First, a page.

have the walls open in my kitchen about to put in new cabnets ,want to put
outlets along back splash now that wall is open will be running a new
circuit from panel for this ,question is, should this be a 20amp. circ.
or 15amp. what is the code for spacing these along backsplash, figure need
one on both sides of sink and stove, to prevent someone from laying a cord
over sinks stoves ect.but how far apart should the other be . also how many
can be put on a 15amp. circ. and how many on 20amp. I would guess 20amp
would be best,but maybe them I'm not protecting the home from devises plug
into these as well as 15amp. would .and should I maybe switch one of these
outlets for later maybe putting under counter lites. if yes should/ could ,I
put this outlet in one of the cabnets this way the cord is some what hidden.
any help or suggestions on the code or layout of these would be great help.
You have the option of running either 15 or 20 amp circuits, however if
you go with 20 you will need to buy those 15/20a plugs (with the T prong).
20A is slightly more expensive, but it's worth it to install at least 1 20A
circuit in your kitchen, you never know when you'll end up buying an
appliance that needs it.
You are going to need to run more than 1 circuit from the panel.
Kitchen counter plugs are wired using the split receptacle method. This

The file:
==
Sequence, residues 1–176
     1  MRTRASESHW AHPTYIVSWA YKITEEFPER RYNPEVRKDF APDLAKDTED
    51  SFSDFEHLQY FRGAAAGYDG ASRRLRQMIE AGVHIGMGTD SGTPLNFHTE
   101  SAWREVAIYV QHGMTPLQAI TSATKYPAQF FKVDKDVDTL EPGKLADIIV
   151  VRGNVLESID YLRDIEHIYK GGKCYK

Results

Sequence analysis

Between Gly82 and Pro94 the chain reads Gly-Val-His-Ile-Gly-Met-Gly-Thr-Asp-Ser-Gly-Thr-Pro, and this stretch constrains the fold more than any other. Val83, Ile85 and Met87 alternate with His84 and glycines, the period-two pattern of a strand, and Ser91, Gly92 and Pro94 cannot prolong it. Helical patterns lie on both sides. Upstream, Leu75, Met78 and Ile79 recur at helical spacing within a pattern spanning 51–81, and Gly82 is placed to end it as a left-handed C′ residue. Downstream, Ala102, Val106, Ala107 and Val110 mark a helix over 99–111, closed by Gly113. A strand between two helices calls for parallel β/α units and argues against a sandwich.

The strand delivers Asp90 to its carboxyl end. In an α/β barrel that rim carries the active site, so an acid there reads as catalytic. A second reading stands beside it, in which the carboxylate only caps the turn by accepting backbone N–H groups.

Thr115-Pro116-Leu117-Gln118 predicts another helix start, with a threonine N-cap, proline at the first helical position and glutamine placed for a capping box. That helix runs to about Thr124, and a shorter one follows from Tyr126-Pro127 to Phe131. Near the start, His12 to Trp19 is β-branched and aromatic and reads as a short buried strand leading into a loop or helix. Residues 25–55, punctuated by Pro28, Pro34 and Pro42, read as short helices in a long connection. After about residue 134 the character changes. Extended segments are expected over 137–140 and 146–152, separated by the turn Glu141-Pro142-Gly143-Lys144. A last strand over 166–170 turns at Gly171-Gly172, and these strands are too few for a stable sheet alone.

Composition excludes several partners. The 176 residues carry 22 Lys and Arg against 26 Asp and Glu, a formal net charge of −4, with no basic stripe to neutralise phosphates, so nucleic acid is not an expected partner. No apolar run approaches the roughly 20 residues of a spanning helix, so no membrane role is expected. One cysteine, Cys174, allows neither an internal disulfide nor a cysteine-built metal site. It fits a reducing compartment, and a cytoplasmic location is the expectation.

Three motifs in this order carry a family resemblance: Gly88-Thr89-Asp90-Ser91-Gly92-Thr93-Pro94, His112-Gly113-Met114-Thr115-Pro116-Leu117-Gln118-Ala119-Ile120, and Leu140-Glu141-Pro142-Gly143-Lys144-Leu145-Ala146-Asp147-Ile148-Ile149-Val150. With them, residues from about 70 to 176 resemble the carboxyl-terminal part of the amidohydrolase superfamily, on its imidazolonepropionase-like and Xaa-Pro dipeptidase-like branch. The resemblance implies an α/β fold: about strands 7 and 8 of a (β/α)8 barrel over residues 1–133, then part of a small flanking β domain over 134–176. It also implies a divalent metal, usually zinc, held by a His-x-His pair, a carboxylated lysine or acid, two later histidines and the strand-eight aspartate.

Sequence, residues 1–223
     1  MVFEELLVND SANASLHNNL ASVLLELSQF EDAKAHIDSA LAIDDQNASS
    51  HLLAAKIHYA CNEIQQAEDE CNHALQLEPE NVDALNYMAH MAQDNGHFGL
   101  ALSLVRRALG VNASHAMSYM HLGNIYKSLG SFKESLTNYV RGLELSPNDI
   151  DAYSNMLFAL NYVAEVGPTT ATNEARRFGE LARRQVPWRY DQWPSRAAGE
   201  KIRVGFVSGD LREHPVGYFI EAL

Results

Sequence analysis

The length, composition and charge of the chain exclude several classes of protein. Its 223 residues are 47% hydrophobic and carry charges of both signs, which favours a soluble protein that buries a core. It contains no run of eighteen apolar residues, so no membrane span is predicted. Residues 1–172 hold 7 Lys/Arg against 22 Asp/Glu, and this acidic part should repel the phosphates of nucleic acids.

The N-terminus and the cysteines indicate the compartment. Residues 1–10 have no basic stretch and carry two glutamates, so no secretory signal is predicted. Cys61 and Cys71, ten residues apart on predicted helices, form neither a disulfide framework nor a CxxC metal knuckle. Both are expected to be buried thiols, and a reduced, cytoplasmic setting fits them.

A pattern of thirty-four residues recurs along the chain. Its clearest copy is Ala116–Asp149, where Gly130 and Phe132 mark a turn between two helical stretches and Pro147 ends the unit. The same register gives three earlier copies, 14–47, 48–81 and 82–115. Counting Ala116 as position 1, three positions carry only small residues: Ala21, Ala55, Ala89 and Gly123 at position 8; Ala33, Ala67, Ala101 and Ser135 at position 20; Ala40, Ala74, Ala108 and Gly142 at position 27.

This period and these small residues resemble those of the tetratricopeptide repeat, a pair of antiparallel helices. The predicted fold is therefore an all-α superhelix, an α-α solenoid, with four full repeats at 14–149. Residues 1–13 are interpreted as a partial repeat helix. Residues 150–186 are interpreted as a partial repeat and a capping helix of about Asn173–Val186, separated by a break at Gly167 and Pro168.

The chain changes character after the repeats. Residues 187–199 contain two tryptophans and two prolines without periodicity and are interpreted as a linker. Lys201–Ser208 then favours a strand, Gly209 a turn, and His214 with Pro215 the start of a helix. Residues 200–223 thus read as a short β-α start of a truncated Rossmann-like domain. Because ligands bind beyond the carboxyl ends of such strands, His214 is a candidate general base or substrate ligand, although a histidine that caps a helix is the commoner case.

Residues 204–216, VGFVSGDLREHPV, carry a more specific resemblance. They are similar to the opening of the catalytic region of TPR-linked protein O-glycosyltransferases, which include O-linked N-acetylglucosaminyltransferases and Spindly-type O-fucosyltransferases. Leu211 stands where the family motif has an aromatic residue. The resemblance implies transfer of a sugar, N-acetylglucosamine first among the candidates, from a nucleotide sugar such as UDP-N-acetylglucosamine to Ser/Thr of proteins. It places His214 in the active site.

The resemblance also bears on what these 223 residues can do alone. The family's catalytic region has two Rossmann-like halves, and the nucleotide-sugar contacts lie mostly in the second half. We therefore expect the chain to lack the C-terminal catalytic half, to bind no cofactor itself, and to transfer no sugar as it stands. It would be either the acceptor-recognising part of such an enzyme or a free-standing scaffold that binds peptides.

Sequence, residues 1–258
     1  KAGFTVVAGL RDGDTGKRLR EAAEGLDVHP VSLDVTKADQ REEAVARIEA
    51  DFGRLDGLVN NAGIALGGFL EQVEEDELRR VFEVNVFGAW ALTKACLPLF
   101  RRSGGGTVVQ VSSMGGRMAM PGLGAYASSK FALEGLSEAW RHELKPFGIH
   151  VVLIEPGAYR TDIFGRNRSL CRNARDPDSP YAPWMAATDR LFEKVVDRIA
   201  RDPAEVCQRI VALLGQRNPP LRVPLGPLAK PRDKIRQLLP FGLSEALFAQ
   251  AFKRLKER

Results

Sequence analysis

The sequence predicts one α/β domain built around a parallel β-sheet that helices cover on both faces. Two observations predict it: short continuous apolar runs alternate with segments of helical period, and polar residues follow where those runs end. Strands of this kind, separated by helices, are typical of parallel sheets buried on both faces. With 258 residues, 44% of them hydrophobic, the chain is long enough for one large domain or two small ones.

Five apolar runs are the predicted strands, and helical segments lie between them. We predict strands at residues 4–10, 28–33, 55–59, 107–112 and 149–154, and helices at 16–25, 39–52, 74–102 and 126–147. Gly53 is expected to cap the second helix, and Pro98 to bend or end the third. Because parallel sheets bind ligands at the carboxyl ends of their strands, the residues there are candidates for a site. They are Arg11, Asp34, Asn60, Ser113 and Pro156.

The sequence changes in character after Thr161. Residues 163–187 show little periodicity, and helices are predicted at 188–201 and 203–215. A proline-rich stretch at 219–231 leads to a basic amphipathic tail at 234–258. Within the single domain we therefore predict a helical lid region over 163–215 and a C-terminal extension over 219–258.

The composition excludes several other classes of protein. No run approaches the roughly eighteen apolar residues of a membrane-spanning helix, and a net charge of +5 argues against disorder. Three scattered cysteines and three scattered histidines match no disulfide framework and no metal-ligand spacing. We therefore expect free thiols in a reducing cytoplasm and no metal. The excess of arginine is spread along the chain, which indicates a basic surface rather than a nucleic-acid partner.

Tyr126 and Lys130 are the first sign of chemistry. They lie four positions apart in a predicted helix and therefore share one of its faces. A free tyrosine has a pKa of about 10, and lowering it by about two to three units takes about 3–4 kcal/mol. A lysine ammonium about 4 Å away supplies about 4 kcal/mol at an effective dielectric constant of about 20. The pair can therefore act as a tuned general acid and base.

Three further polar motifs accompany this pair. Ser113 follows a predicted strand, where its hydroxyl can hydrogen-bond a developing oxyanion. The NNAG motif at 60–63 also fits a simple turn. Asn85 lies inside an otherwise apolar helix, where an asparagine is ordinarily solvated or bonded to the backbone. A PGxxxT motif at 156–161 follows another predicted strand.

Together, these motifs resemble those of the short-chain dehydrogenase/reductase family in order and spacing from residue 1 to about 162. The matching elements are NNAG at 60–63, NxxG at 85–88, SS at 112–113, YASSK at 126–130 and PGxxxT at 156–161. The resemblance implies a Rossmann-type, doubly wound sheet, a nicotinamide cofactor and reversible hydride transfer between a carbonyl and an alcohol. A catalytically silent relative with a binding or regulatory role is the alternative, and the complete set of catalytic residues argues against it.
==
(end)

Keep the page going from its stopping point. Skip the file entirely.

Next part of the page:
means you need to install a double pole breaker per outlet and run 14/3
(15A) or 12/3 (20A) into the outlet box. The receptacle is installed by
breaking off the linking tab on the hot (black&red) side and connecting the
black and red each to the top and bottom outlets. The white (neutral) and
ground (bare or green) are connected normally.
This is done because counter-top appliances (such as toaster ovens,
kettles, etc) use a lot of power, and connecting two (i.e.: toaster oven and
kettle) to the same circuit will overload and trip the breaker.
While 1 breaker per outlet is the preferable way of doing it, the code
here does allow two outlets per 3-wire (split) circuit, as long as those two
outlets are separated by an outlet on another circuit. (I'm not sure of the
reasoning here, anyone care to comment?)
As for spacing, the CEC (not sure about NEC) dictates that no point
along the wall behind the counter should be more than 35" from a receptacle.
There are some exceptions: If the counter is less than 12" across, no